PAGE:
Physician Assistant Applicant Pool: The First 50 Years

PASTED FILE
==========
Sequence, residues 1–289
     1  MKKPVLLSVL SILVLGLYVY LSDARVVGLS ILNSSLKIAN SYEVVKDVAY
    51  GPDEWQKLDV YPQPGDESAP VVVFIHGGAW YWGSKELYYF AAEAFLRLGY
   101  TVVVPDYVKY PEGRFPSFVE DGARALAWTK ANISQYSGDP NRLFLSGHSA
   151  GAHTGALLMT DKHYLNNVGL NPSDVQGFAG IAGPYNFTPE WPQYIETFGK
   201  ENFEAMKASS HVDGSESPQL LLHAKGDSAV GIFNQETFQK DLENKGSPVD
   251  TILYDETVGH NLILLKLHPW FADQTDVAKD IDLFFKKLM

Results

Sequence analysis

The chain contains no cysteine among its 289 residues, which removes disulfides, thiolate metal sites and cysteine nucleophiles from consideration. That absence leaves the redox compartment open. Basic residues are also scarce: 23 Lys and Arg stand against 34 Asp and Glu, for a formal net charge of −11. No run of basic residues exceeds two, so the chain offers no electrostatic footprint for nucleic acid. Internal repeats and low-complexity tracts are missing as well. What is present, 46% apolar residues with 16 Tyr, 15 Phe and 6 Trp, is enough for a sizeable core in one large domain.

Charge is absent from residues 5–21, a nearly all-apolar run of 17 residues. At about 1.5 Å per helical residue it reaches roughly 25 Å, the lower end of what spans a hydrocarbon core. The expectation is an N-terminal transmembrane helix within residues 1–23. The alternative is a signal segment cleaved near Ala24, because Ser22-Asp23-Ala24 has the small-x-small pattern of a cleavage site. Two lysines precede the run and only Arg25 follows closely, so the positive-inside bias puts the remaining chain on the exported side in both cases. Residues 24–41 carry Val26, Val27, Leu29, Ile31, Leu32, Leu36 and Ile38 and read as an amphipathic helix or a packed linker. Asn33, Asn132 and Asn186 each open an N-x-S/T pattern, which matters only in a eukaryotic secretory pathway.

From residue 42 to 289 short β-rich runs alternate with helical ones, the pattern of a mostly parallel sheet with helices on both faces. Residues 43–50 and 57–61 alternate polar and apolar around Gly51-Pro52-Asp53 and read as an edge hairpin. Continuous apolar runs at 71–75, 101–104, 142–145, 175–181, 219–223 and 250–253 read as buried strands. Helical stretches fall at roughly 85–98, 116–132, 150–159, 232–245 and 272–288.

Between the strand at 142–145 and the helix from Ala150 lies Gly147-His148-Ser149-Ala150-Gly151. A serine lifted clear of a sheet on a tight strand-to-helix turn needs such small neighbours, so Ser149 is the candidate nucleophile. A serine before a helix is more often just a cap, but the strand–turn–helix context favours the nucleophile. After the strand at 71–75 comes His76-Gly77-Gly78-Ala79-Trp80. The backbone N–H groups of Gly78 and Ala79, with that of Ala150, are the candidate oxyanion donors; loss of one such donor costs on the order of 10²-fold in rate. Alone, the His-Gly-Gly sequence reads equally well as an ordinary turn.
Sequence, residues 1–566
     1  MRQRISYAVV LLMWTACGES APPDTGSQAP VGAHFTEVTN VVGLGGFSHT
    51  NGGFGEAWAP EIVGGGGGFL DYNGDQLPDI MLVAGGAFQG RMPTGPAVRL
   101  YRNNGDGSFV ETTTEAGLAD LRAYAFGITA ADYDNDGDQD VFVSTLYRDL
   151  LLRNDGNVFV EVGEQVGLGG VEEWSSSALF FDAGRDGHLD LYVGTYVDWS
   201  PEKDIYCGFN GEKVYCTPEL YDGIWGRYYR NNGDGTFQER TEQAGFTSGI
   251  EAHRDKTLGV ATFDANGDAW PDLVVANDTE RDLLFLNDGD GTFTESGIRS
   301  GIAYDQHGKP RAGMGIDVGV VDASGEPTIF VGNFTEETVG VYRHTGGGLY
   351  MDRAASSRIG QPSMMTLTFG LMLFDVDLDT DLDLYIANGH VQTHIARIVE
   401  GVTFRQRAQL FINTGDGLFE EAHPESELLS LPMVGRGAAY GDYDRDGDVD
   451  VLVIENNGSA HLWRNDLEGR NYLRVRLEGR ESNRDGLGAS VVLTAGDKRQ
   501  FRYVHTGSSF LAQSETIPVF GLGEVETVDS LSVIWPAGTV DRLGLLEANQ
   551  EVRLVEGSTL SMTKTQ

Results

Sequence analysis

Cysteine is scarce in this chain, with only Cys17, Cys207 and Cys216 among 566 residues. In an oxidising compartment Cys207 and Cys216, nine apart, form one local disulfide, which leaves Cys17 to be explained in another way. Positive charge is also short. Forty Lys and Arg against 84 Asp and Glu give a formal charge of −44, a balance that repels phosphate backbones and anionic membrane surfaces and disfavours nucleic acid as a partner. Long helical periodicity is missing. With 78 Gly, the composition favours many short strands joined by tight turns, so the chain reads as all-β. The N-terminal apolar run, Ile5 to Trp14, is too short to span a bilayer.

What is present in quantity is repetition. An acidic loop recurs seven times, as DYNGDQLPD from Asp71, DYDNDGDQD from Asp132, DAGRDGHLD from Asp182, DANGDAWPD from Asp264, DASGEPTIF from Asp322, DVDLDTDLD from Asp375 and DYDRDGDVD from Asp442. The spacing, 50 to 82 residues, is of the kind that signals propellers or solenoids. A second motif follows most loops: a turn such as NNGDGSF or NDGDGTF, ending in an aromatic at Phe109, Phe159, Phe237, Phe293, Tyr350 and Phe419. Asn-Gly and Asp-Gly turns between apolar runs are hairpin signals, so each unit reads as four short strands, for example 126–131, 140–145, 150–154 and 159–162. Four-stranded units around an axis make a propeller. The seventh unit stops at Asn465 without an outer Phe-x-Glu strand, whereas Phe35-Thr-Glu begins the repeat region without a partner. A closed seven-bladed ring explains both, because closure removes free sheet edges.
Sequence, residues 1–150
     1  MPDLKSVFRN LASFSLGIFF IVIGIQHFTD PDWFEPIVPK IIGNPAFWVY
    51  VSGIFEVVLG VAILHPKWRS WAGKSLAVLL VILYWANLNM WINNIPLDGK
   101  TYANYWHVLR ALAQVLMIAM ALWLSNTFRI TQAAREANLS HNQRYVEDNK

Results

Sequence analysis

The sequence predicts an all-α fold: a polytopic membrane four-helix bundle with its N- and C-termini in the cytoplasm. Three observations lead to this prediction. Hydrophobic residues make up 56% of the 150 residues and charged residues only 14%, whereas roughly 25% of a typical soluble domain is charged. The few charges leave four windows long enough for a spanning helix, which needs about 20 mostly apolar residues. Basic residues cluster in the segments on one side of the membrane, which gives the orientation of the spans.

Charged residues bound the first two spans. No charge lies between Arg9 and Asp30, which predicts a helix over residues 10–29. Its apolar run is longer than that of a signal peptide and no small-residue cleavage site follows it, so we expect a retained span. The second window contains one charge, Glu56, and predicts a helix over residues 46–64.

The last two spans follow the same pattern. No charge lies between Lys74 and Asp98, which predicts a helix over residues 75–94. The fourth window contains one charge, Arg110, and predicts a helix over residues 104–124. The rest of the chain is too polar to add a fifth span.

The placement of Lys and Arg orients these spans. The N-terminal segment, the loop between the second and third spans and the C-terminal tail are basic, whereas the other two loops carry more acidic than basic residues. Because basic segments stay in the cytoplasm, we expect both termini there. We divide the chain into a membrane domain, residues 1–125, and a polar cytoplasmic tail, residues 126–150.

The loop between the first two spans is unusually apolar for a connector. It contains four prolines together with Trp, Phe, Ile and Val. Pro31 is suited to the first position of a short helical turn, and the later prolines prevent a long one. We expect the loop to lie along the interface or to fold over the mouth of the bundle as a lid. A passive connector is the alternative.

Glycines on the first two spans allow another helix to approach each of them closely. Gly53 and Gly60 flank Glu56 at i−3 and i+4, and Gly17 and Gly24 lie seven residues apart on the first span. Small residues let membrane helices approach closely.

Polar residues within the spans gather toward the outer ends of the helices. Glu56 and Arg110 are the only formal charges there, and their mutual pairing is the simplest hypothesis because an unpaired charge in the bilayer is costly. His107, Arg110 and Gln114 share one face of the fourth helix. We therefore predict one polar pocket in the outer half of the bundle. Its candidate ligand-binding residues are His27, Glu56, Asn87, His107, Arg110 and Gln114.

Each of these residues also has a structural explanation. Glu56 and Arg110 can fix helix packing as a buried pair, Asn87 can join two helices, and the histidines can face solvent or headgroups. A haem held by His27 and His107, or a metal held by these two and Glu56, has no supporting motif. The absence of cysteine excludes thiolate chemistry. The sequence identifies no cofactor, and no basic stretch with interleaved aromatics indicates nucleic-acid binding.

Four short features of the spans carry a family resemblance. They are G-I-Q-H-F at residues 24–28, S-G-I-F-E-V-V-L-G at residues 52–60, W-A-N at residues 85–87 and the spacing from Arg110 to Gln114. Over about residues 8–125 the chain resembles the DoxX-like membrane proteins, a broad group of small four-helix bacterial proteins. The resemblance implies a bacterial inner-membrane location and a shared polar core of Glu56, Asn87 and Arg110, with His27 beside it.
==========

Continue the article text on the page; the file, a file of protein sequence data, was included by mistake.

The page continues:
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The physician assistant (PA) profession's first attempt to characterize the applicant pool for PA education began with publication of the first Annual Report on Physician Assistant Educational Programs in the United States in 1985. The methodology used in the report was limited, however, in identifying the number of unique applicants to PA programs. Collecting accurate and reliable data on the profession's applicant pool was the primary motivator leading to initiation of the Central Application Service for Physician Assistants (CASPA) in 2001. In the past 15 years, CASPA has provided increasingly valuable data on the profession's applicant pool, allowing for accurate tracking and analysis of trends in the growth and changing demographics of those applying to PA educational programs. This special report presents a unique analysis of CASPA data that relates the competitiveness of entry into PA programs with that experienced by our colleagues in medicine, for both Doctor of Medicine (MD) and Doctor or Osteopathic Medicine (DO) schools. We present data reflecting the most notable changing demographics of the profession's applicant and matriculant pools in sex, age, grade point average, and health care experience. We use aggregate data of self-identified race descriptors to compare the contributions of PA, medical, and osteopathic medicine schools to the improvement of diversity within the health professions. To date, the applicant pool of PA programs seems to have kept pace with the expansion of existing programs and the development of new programs. This article poses serious questions for the profession to ponder, as the demographics of those entering PA education change and the number of PA graduates continues to grow.

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